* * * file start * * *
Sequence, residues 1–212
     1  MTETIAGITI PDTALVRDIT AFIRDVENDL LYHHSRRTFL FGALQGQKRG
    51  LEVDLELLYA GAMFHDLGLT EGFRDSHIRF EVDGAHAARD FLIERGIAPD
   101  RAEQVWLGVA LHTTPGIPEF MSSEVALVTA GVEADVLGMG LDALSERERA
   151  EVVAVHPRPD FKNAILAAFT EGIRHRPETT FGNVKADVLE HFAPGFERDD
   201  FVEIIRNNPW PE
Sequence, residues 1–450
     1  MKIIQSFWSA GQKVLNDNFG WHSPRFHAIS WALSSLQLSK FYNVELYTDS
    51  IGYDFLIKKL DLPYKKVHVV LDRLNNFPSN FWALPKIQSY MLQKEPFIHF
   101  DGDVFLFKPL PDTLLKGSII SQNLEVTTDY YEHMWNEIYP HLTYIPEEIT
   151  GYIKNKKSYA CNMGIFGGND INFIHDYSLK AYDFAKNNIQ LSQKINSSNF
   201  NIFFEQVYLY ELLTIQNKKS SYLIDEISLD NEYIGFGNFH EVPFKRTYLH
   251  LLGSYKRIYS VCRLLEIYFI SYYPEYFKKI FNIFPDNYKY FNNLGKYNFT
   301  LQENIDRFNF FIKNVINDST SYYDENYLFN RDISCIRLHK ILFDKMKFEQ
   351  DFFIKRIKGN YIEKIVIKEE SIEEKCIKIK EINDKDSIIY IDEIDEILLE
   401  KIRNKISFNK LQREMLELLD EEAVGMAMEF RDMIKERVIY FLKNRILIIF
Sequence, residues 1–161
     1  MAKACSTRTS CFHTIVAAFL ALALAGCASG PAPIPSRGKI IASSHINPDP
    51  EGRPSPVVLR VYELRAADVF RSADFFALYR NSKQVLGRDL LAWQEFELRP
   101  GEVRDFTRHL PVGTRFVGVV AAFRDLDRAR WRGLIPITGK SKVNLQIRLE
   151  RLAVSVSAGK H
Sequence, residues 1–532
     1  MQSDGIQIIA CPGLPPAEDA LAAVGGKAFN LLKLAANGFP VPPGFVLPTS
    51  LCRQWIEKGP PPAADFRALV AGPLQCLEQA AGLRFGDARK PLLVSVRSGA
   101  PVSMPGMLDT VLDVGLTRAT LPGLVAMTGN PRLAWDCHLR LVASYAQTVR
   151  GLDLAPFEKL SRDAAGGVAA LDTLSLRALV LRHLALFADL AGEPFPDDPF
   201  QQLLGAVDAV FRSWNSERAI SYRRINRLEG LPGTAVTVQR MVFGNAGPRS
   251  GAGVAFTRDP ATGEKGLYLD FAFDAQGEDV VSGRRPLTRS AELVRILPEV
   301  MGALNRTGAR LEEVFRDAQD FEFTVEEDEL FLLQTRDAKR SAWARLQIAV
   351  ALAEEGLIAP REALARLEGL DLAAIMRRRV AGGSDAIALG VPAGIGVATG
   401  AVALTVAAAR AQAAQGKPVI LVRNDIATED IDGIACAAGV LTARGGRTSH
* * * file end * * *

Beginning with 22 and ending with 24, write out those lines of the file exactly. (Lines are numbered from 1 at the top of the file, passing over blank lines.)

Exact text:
Sequence, residues 1–532
     1  MQSDGIQIIA CPGLPPAEDA LAAVGGKAFN LLKLAANGFP VPPGFVLPTS
    51  LCRQWIEKGP PPAADFRALV AGPLQCLEQA AGLRFGDARK PLLVSVRSGA